Conundrums in the Garden
One of my gardening books has this quote, “Gardening requires short term foresight and long term vision.”So in my garden I’m always trying to second guess the viability of new plants, the optimum positioning of said plants (see earlier blogs about transplanting issues) and the long-term success in the garden. Today, I’m rethinking cutting down a low hanging branch that blocks sun to the solarium garden. The plants are pulling toward the sun and growing gangly and weak. I thought that with a bit more sunlight for one to two hours each day, the Ribbon Grass, Siberian Iris, Dusty Millers and Phlox would do better. Before this branch grew heavy with leaves, the plants did well. I’ve already moved the Iris as they seemed to fare the worse in the increasing shade.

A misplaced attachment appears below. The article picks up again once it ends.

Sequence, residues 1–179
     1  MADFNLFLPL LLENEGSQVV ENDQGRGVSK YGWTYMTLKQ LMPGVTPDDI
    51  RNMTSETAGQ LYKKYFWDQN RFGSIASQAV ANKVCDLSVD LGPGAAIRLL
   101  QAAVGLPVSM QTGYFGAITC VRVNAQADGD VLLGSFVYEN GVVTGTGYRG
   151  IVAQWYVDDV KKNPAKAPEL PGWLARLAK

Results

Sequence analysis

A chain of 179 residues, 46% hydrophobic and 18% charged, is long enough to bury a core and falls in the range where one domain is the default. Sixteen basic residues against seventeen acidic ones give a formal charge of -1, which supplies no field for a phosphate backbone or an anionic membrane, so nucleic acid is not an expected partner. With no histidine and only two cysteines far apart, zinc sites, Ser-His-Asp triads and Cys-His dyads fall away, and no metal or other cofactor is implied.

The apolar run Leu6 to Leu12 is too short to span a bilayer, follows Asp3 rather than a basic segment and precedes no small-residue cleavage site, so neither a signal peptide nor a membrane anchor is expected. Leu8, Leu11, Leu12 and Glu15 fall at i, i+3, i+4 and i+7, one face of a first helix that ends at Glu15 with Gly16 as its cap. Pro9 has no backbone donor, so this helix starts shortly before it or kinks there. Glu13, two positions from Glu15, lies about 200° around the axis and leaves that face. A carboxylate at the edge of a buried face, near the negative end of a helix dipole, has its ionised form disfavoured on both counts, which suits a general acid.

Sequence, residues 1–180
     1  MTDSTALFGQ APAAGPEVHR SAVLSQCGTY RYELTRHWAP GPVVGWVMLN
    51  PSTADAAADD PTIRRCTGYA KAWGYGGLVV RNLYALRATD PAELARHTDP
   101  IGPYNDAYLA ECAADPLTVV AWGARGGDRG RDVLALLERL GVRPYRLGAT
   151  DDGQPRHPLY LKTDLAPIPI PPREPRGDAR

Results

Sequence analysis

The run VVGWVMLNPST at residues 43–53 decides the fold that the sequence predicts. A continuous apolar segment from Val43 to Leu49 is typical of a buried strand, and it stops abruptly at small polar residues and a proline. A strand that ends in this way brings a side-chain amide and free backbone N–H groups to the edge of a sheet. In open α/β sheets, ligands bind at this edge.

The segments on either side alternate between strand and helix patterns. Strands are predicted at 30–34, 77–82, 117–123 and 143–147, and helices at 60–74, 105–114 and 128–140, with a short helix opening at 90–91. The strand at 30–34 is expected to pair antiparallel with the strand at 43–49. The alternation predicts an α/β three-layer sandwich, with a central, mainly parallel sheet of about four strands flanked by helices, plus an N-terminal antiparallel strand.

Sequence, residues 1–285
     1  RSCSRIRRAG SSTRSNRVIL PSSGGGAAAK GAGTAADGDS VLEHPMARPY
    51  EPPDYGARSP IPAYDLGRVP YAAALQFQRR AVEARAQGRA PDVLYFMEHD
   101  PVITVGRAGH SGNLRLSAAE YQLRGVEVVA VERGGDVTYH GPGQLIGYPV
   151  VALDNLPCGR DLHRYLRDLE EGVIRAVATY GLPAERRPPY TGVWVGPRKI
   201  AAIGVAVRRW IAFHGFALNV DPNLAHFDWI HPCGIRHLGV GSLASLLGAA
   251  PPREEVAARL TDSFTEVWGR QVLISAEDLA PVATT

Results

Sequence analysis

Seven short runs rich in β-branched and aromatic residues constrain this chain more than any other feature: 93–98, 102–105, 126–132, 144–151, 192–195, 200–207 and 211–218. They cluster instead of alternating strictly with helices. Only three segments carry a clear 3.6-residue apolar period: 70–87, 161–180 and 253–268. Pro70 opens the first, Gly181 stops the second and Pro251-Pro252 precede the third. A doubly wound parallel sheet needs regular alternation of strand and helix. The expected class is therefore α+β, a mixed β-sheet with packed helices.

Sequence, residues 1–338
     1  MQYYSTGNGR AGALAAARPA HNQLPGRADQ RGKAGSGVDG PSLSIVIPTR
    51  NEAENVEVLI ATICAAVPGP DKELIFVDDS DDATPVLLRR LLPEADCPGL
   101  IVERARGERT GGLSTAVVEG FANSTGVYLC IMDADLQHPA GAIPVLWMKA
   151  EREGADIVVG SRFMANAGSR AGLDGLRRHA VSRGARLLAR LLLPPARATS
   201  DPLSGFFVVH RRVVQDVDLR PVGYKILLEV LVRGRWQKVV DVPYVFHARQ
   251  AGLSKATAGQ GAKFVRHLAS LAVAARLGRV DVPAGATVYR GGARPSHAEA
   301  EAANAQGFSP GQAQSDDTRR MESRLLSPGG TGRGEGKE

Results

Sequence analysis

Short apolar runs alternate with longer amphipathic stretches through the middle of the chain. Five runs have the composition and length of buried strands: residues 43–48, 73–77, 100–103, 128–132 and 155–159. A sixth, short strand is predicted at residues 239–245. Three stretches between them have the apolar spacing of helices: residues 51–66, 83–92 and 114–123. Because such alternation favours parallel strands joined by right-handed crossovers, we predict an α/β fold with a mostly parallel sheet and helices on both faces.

Gardeners know that you can’t dig up one section of a garden or cut down a tree without impacting and perhaps ruining your original plan. Perhaps in the dappled shade, plants never grew to their full height. With more sunlight, they might reach that height and throw off the look of the garden or overrun a more delicate plant that had co-existed before the growth spurt.
When you’re working in a series, that original arc most likely changes as you just have to use a great short-term plot point. You can amend the story or soil (I put coffee grounds around the base of my Niko Blue Hydrangea hoping it blooms blue and doesn’t turn pink. The hydrangea is still there but in a different shade. If you amend a character’s behavior, i.e. amnesia, hypnosis, AHA moment in life, death bed promise to loved one, etc. the character remains but in a different shade of his/her personality. You get the altered behavior you want, if only short term.I don’t have an answer yet—this branch-bench conundrum is a work in progress. Isn’t it always?